I liked elements of “Brave,” but was irritated that the mom was the one who enforced societal oppression. I appreciated that Moana didn’t have to fight her mom in order to find herself.


The ocean is a main character

What’s more feminine than the water that birthed all life… and which ebbs and flows and follows the moon?


Grandmother safeguards Moana’s purpose

The three feminine stages of life are maiden, mother, crone. I loved the symbolism of the crone using her wisdom, experience, patience and irreverence to affirm the maiden.

The mission is to save the Creation Goddess

To restore the heart!! This is exactly what’s next in our culture: restoring the power and honor of the Divine Feminine.

Moana doesn’t set out to fight Maui. She doesn’t go out to slay monsters. She goes out to heal the wound that is birthing the monsters and destruction. Imagine what our world will look like when we make decisions that aren’t about conquering but about healing.


‘You’re a princess, not a wayfinder’

Maui explicitly calls out the elephant in the room: ‘you wear a skirt, you have an animal sidekick, you’re a princess, you’re not a wayfinder.’ THANK YOU, Disney, for finally getting past the damsel nonsense.

In “Brave” the heroine is fighting against being a damsel. In “Moana” the heroine (and the ocean) squash the damsel limitations in about two minutes of screen time– and we get to go on with the adventure, not questioning our heroine’s legitimacy.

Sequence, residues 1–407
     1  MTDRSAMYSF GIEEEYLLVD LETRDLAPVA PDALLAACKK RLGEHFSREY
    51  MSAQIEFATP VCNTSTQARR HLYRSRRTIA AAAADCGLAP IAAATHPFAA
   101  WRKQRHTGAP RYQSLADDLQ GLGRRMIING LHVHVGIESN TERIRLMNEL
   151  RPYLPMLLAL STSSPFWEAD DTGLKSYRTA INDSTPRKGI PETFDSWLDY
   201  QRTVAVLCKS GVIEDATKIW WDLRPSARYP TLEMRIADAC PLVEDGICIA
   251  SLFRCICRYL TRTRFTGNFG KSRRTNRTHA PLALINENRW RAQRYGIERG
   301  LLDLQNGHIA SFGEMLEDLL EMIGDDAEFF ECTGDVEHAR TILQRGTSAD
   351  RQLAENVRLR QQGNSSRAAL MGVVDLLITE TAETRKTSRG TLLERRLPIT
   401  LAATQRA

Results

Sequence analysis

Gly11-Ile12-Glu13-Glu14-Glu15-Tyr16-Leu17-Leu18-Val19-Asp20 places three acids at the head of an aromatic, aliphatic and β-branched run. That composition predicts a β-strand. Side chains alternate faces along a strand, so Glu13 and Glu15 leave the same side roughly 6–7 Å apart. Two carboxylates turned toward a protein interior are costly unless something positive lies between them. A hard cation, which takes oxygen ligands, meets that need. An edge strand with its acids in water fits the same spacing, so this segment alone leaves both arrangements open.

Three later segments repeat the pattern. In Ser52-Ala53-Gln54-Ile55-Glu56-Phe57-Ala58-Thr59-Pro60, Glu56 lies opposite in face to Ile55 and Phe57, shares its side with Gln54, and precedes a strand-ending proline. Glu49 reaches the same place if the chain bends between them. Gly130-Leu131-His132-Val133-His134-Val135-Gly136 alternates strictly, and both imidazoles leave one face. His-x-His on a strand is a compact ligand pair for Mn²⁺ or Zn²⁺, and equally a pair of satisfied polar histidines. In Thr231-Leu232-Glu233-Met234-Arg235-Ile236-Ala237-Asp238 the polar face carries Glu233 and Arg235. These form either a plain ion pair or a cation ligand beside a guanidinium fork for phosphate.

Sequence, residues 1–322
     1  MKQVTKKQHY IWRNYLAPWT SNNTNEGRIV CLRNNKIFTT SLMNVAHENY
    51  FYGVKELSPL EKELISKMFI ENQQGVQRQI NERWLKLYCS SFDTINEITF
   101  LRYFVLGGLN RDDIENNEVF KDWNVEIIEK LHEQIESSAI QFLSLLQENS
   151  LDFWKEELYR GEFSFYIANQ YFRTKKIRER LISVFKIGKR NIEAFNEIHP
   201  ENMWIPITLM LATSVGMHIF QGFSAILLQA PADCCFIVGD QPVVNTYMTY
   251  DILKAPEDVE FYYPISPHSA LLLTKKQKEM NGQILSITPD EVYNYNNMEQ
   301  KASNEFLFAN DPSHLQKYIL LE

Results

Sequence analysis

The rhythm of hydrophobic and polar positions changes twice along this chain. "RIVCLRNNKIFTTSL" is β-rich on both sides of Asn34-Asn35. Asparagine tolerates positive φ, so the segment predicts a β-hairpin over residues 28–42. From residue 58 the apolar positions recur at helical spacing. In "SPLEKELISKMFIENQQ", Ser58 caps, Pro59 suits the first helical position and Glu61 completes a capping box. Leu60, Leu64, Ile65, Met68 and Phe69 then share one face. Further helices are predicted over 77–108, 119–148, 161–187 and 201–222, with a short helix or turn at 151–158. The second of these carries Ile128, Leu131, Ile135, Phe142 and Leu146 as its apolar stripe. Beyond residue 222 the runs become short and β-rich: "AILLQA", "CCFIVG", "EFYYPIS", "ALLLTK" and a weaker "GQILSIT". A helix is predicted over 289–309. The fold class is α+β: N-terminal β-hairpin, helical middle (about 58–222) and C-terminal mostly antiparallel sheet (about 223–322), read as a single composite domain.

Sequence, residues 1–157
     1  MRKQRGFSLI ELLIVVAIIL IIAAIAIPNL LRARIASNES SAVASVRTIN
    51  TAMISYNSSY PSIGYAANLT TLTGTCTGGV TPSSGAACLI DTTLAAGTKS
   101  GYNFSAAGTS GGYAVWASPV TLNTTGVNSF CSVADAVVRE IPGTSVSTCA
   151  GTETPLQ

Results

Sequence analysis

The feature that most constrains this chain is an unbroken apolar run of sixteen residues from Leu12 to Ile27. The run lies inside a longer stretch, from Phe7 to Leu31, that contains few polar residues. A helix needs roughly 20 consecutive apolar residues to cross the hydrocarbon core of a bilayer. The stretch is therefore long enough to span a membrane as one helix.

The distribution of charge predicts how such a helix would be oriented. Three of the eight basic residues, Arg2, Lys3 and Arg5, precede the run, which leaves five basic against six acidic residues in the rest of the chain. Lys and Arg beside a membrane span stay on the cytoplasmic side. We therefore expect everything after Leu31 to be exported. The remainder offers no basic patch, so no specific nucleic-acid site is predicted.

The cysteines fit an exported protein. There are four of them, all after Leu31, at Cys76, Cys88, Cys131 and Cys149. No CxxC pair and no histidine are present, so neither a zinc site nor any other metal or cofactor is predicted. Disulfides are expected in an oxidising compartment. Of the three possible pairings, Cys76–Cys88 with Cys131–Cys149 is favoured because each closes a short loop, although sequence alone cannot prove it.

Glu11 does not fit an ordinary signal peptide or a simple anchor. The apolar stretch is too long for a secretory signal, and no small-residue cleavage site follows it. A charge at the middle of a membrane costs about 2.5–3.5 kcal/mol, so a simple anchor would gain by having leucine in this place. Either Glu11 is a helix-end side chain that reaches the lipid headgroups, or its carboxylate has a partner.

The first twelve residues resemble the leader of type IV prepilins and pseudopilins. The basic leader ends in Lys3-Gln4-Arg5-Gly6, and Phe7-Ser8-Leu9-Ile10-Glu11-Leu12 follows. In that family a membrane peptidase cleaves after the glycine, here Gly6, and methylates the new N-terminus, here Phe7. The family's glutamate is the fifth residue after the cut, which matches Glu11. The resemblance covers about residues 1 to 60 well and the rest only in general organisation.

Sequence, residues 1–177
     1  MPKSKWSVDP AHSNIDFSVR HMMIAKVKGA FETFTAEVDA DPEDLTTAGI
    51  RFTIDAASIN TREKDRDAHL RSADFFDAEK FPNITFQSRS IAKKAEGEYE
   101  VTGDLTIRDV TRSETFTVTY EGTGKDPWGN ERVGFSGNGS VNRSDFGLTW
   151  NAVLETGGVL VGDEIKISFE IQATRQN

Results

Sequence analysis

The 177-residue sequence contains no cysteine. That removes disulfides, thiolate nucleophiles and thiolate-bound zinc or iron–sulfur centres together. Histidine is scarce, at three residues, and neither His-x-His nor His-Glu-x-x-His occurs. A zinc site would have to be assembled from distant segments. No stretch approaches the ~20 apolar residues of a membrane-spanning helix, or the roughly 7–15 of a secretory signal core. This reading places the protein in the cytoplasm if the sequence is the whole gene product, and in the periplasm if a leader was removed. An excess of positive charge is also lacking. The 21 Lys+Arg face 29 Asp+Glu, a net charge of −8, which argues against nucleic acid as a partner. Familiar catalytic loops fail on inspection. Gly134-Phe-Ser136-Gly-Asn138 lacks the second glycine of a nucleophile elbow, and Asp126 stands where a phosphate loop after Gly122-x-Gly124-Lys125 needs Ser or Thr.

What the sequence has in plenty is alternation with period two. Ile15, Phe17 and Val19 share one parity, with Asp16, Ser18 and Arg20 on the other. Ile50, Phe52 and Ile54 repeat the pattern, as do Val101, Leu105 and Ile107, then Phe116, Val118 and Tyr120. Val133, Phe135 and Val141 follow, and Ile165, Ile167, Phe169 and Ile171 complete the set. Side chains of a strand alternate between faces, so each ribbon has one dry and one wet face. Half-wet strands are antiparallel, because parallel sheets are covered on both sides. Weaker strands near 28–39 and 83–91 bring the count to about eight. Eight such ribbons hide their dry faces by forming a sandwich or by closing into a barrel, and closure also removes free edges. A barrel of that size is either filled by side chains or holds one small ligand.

The dark side of the Divine Feminine

Te Ka spews lava, rage, destruction. You know those hypercritical mothers-in-law in sitcoms? That’s the same thing. That’s the Divine Feminine devalued, powerless. That’s how I feel when I bump up against sexism and division of labor.

This might actually be the most powerful element of the story: the acknowledgement that what seems evil, what we think we must conquer (or at least avoid), is actually wounded and needs our help to become whole again.

She’s not a waif

Wll, at least not by Disney standards. Pretty cool to compare Moana and Ariel dolls:

The Leftovers:

A few irritating old Disney standards were still present.

Male/Female body ratio

I know Maui is a demigod, but he (and the chief) are four times the size of most of the female characters.

This is still drawing pretty hard on the old Atlas Bodybuilding standard:


Doe eyes

Although Moana isn’t quite as doe-eyed as other Disney girls, the cute-baby-animal thing is still going strong.

Why is this a problem? Because babies (animal and human) have extra big eyes for their head-size, which is why we think they’re so cute. But babyish cuteness is one thing that reinforces the attitude that females are small, weak, in need of protection, etc. Not helping the revolution.

Read more about “Baby Schema” here.


Sassy hips

She’s nowhere near as sexualized as Elsa from “Frozen,” but I think we could get rid of the little hip pop without losing any of her spunk.


That said, this is the first time in my life I’ve ever told people that they really should watch a Disney animated movie.

And the best bonus of all is hearing my son sing not only “You’re Welcome,” but walk around the house belting out “I am Moana!”

Moana for the win.